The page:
Hawaii's efforts to reduce smoking amongst children have been lauded with a message to not rest on the laurels, but to give an added thrust to the campaign. Smoking hampers their health and leads to lifelong addiction. Instead of sprucing up the drive, by augmenting the anti-smoking budget, Hawaii has regressed by reducing the budget for smoking prevention. The prices of cigarettes have not been hiked, unfortunately, which might have deterred the teens from the dreadful habit.
The state's expenditure accounts show that only $5.8 million is being spent on tobacco prevention and control, prompting the American Lung Association to grade it 'D'. The U.S. Centers for Disease Control has recommended an expenditure of at least $10.78 million on tobacco prevention.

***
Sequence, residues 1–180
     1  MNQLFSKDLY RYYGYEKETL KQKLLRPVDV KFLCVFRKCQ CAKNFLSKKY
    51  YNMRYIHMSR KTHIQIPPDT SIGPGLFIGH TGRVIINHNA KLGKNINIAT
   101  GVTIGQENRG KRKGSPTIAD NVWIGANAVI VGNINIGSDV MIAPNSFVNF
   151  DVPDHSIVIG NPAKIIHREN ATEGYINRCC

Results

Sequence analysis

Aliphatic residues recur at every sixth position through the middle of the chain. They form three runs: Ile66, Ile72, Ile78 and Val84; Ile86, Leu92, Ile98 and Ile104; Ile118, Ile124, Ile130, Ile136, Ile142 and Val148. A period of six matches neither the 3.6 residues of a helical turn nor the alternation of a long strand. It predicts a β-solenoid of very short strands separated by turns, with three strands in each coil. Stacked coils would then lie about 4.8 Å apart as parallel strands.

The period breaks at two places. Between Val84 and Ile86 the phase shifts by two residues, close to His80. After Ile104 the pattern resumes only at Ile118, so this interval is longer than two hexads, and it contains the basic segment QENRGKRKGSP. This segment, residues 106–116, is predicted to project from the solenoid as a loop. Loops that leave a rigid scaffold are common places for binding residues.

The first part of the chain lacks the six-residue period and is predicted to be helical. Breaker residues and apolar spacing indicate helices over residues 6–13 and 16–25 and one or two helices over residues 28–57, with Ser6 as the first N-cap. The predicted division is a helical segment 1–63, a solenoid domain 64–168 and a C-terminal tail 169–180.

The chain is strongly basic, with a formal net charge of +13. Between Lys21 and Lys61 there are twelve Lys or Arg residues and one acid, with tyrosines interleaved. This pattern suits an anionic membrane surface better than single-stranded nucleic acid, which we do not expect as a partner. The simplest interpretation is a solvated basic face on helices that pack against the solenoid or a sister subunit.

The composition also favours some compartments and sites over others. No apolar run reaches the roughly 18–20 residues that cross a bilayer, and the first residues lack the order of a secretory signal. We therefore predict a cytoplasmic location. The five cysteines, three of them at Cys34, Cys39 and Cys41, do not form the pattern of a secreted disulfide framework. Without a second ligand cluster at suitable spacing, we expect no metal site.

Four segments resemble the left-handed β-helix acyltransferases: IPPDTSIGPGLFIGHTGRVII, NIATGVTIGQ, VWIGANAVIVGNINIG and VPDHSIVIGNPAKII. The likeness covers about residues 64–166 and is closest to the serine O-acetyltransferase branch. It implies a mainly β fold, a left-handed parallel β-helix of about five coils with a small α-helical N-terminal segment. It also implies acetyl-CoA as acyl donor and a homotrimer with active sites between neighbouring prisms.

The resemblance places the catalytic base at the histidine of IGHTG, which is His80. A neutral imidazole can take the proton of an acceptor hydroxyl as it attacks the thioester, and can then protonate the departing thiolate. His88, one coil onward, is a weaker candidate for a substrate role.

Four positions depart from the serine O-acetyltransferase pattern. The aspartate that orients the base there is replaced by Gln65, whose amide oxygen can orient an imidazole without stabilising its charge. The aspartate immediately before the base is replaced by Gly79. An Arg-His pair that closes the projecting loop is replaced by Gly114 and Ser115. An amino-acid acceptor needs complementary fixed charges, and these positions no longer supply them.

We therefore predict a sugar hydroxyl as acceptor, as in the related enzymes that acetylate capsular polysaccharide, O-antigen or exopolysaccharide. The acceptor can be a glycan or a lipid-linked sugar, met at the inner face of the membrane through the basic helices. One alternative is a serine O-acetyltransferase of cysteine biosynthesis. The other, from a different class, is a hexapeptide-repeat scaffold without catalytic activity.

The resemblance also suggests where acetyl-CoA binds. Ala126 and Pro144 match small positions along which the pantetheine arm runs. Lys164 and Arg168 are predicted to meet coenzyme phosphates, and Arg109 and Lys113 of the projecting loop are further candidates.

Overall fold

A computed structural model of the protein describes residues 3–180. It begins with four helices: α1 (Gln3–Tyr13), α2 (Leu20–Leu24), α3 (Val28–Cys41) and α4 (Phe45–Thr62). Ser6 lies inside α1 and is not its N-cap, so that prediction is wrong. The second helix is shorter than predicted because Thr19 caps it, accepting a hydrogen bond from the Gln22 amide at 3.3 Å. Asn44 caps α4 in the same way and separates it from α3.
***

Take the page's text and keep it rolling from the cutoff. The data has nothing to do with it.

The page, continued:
Deborah Zysman, executive director of the Coalition for a Tobacco Free Hawaii is of the opinion that , when money is spent on tobacco prevention, the effect shows in significant decrease of the habit among the teens. To quote her example, Maine, showed a 64 percent decline in smoking among school students, in eight years, when they expended more on tobacco prevention schemes. When the state's cigarette tax doubled recently, these figures are slated to drop further.
A bill, currently on the legislator's desk, that proposes to hike the rate of cigarettes, is due to be out. The advocates of this bill have elaborated on the effects of tobacco that lead to decline in worker productivity and cost $7.18 in health care. This would cost Hawaii $526 million in lost productivity. So, Hawaii, Don't be Penny Wise, Pound Foolish!